SOCW 6311 wk 10 peer responses 

Respond to at least two colleagues’  from the perspective of an interested stakeholder for the program by doing the following:

  • Provide      a brief description of the role that you are taking.
  • Provide      an evaluation of the group research design that they have chosen, and      criteria that your colleagues have generated (choice of outcome and method      of evaluation) from the perspective of the stakeholder whom you have      chosen.
  • Provide      support based on your evaluation
  • Ask      questions about the plan for research design and the questions that the      evaluation plan will address from your chosen perspective.

Name first and references after every person

Instructor wants lay out like this:

Respond to at least two colleagues ( 2 peers posts are provided) by doing all of the following:

Identify strengths of your colleagues’ analyses and areas in which the analyses could be improved.

Your response

Address his or her evaluation of the efficacy and applicability of the evidence-based practice,

Your response

[Evaluate] his or her identification of factors that could support or hinder the implementation of the evidence-based practice,

Your response

And [evaluate] his or her solution for mitigating those factors.

Your response

Offer additional insight to your colleagues by either identifying additional factors that may support or limit implementation of the evidence-based practice or an alternative solution for mitigating one of the limitations that your colleagues identified.

Your response

References

Your response

Peer 1: shelly Barr 

RE: Discussion – Week 10

COLLAPSE

Top of Form

post your explanation of which group research design and data collection method from those outlined in the Resources you selected as appropriate for the “Social Work Research: Planning a Program Evaluation” case study and why.

For this assignment, I have chosen the Time-Series Design. I chose this design as it is still a quasi-experimental design but also has several pre-test and post-test outcome measures. It involves obtaining several client outcome measures before the introduction of intervention and several additional measures after the intervention has been implemented (Dudley, 2014).  One benefit of this design is the data trends can help determine the extent to which the intervention, as opposed to external outside factors is the “causal agent” (Dudley, 2014).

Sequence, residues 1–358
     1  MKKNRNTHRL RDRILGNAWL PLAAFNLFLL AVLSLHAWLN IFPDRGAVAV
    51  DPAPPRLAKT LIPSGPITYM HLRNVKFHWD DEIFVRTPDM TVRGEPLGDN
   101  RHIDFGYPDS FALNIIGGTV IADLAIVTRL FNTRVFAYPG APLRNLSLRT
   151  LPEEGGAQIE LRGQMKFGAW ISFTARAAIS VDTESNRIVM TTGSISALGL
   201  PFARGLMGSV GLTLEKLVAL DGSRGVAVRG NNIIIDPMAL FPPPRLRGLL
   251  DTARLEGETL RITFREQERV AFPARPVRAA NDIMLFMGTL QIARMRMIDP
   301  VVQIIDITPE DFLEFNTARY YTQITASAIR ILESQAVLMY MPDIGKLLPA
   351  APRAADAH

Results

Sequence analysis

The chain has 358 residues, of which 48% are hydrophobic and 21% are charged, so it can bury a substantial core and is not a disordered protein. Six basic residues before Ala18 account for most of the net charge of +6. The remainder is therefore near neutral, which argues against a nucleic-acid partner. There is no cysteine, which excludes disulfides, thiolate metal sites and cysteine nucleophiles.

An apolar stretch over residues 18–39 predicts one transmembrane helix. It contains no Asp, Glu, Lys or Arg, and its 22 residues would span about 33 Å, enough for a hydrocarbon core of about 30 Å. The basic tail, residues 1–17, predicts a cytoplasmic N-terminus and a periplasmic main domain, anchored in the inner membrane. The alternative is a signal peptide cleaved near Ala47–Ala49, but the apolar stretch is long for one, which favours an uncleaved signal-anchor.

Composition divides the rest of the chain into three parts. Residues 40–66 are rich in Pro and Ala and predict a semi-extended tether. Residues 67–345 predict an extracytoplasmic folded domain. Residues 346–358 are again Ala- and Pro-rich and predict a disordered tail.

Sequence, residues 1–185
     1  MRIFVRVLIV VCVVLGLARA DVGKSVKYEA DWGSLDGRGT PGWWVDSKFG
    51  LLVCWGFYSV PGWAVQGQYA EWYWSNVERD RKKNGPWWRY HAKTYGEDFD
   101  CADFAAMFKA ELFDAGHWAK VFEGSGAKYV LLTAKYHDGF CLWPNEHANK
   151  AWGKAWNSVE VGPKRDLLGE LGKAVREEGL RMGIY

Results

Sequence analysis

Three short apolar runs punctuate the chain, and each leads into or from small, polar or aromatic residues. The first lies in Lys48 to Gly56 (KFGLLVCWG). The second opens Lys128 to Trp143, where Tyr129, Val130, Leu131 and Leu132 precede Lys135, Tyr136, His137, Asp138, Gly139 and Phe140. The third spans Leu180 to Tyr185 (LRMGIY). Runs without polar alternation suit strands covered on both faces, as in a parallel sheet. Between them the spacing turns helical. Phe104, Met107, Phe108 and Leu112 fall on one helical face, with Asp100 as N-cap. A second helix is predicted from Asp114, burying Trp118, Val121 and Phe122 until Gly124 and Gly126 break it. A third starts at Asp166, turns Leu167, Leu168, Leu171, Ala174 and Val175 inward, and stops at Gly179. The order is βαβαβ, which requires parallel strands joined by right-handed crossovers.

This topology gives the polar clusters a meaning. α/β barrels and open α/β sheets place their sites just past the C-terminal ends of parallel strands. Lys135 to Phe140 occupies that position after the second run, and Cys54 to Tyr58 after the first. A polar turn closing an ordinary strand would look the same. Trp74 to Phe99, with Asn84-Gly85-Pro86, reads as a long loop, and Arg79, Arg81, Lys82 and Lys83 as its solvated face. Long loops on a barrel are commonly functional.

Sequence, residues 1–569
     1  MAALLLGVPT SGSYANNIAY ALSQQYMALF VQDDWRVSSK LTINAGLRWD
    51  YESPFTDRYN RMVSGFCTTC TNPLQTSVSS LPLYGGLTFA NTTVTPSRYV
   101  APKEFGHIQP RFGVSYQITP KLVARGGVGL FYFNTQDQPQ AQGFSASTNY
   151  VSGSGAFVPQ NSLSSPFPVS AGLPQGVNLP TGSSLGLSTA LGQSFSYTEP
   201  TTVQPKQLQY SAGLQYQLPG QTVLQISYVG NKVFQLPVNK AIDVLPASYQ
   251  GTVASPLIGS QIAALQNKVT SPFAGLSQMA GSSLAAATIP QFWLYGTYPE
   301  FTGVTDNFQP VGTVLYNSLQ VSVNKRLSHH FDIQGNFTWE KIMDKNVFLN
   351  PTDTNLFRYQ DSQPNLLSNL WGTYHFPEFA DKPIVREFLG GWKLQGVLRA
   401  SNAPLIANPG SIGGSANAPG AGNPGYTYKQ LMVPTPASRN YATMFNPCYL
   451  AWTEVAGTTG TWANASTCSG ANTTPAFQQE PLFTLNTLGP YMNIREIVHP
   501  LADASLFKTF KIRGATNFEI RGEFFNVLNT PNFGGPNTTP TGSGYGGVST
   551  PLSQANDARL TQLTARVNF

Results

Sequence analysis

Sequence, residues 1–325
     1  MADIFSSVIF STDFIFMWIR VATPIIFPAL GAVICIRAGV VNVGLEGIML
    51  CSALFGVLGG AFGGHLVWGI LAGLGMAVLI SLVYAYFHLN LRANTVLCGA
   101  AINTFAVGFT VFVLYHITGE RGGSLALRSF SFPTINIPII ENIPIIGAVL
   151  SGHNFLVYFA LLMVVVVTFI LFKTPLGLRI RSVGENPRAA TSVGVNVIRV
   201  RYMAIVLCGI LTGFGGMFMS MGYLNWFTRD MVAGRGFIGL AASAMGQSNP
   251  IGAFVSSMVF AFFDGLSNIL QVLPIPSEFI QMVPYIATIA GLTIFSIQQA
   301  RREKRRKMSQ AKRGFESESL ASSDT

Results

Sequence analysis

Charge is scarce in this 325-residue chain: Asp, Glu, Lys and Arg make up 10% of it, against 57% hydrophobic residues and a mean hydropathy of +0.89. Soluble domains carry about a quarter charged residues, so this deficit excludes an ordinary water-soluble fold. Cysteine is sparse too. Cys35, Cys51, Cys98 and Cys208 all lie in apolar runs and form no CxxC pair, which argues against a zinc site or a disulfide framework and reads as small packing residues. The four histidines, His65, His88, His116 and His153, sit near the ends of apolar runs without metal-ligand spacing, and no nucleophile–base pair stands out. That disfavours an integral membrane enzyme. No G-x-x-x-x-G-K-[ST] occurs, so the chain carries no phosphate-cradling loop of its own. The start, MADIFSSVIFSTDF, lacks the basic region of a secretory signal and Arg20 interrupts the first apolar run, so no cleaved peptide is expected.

Then, generate criteria to be measured using the research design by identifying a specific outcome and a method for measuring that outcome. Specify who will collect the data and how the data will be collected.

By using a single system design (SSD) as an evaluation tool to measure whether there is a causal relationship between the practitioner’s intervention and a client’s outcome then adjustments to treatment delivery can be made intermittently prior to termination of services. SSD can be used for either an individual, a family, or a group and uses a graph as a tool to visualize client progress (Dudley, 2014). Having this graph available for the client may be a motivating element in practice.  

A goal attainment scale as an evaluation tool for the time series design would be helpful in evaluating the extent to which the worker’s interventions affect client’s goals or outcomes in the way it was intended (Dudley, 2014). By using a 5-point Likert scale to measure with is a non-complicated way to track client progress when using the SSD I have chosen. The researcher in the case study also mentioned using a Likert scale in their study and the use of questionnaires, surveys, and checklists (Plummer, Makris, & Brocksen, 2014b). Data would be collected from designated evaluation team members and would be done via surveys that monitor client satisfaction and effectiveness. These surveys are optimal when you need to quickly and/or easily get lots of information from people in a non-threatening way (McNamara, 2006a).

References

Dudley, J. R. (2014). Social work evaluation: Enhancing what we do. (2nd ed.) Chicago, IL: Lyceum Books.